This is the conclusion of my review / summary of Alex Chediak’s book, “With One Voice”. (Part 1 is here) Note: this is quite an extended post since it’s a transcription of my own notes of the book)
Leading and Submitting
The fourth chapter of With One Voice further describes masculinity and femininity for Christians as the primary roles of leading for the man and submitting for the woman. As with any modern Christian book on dating, I thought this was a necessary chapter (albeit a repeat from all that I have read about the topic) because many Christians and most unbelievers have a marred view of leadership and submission due the noetic effects of sin. When you bring this up in church or in any non-church setting, telling woman that they should “submit” to their husbands is a taboo topic — and even where it is not taboo, it is still frowned upon or eye-brow raising. Nevertheless, leadership and submission is not contradictory no matter how much our society dislikes it; it is biblical and that is exactly what Chediak contends.The author concedes that “mature masculinity is neither chauvinistic nor passive“, and thus these two perversions of biblical manhood are explained for their inconsistencies and practical implications. Passivity is defined as “where a guy simply gives a woman what she wants when she wants it, and fails to take initiative or assert himself so as not to be an imposition” (74); it is the bigger problem of the two in Western culture, and consequently much harder to detect. Male chauvinism is defined as “he [who] forces his will upon others by sheer, unbridled strength” (76) and as such is easier to detect than passivity. It is an outright visible problem where many woman submit to such abuse because “they want to be loved, but have no positive standard as to how a man should treat them” (77).Mature femininity, on the other hand, is neither obsequious nor domineering. It is not about the wife telling her husband whatever he wants to hear and doing whatever he asks her to do; it does not mean that she cannot strongly disagree with her husband on occasion nor does it “deny or exclude intelligence, rationality, and an ability to make a convincing argument” (79). “What a godly wife aims for… is an attitude that, while affirming his leadership, seeks to sharpen it.” Furthermore, the domineering women desire to rule over her husband and men around her only grieve themselves for emasculating the men in their lives. Biblical womanhood, hence, must not usurp the role ordained for her in Scripture.In the course of this chapter, Chediak also tries to answer some practical questions. What does this mean for an unmarried man and woman in a courtship situation? How about a casual friendship with a fellow Christian at church, or perhaps with a coworker. Whatever the situation, men ought biblically to be responsibly and tenderly leading women, while women ought biblically be joyfully affirming the leadership of godly men. Such development of mature masculinity and femininity must be nurtured and encouraged within the family, church and workplace. And while it is true that an unmarried woman owe not submission to a man she is not married to, it would do her most benefit to encourage the guys around her to become worthier of receiving submission. For men, the opposite should be done: it would most benefit him to encourage the ladies around him to become worthier of leadership by demonstrating the sacrificial leadership that he will display as a husband.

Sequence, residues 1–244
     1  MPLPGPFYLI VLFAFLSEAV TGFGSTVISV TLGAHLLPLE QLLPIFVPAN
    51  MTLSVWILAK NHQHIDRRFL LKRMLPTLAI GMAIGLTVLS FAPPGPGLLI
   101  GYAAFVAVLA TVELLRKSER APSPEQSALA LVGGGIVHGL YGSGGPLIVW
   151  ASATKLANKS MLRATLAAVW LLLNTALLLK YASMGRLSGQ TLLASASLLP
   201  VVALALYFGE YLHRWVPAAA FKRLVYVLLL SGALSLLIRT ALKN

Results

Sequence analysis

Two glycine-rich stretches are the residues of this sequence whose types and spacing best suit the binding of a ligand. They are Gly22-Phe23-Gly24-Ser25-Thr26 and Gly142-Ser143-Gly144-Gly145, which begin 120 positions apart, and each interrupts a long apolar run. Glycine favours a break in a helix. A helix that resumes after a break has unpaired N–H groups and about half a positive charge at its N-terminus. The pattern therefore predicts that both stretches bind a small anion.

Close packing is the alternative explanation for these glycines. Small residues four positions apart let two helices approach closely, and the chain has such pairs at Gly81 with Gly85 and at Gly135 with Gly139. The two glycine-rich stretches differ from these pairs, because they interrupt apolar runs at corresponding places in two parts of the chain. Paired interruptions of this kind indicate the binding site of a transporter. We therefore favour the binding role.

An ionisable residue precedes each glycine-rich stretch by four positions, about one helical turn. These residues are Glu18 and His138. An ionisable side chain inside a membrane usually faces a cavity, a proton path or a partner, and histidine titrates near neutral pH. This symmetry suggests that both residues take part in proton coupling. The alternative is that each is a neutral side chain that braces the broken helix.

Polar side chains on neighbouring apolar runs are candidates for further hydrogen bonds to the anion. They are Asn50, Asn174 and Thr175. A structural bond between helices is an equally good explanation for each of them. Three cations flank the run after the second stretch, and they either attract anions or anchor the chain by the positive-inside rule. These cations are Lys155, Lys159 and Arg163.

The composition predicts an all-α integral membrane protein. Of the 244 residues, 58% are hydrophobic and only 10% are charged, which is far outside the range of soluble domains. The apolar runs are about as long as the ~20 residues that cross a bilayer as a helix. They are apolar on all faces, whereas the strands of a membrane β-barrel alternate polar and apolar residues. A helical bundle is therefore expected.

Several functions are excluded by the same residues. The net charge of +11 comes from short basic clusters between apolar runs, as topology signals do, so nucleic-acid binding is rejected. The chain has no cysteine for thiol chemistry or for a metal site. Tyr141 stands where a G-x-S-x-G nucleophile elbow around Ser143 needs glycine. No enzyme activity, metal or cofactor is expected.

I particularly found chapter 5 helpful for the single Christian men and women, as Chediak outlines both the objective and subjective criteria we ought to have in finding a spouse, and further, that any over-emphasis on the objective or the subjective is unhealthy. The objective criteria for a wife or a husband requires that they both be 1) a Christian (2 Cor 6:14-18; 1 Kings 11:1-8), and 2) that they evidence some degree of maturity. While meeting the objective criteria is fairly straight forward and almost black and white, Chediak reminds us that the subjective criteria prove to be equally important.Now I should say, the subjective criteria Chediak describes are somewhat pretty obvious. 1) You should be attracted to each other, 2) that you share intellectual synergy, and 3) you enjoy each other’s company. While these are pretty much no-brainers, it may very well be the subjective criterion which many wrestle long nights in their minds with.To conclude the chapter on choosing a spouse wisely, I was reminded of dangers that singles would face in the premarital relationship process. This includes cultural differences (which are often underestimated), women’s attire (and the need for modesty in today’s oversexed media-driven society), the uneven pace of the relationship (where men tend to value that which is attained with great effort), failing to consider the whole person (considering exclusively only objective or subjective criteria), and lastly, getting hung up on the past (overly considering one’s past sins). The question at the end of the chapter I found to be a convicting query that should straighten us up in weighing all these criterion: “Is this potential romantic partner encouraging or discouraging Christian growth in the life of the other?”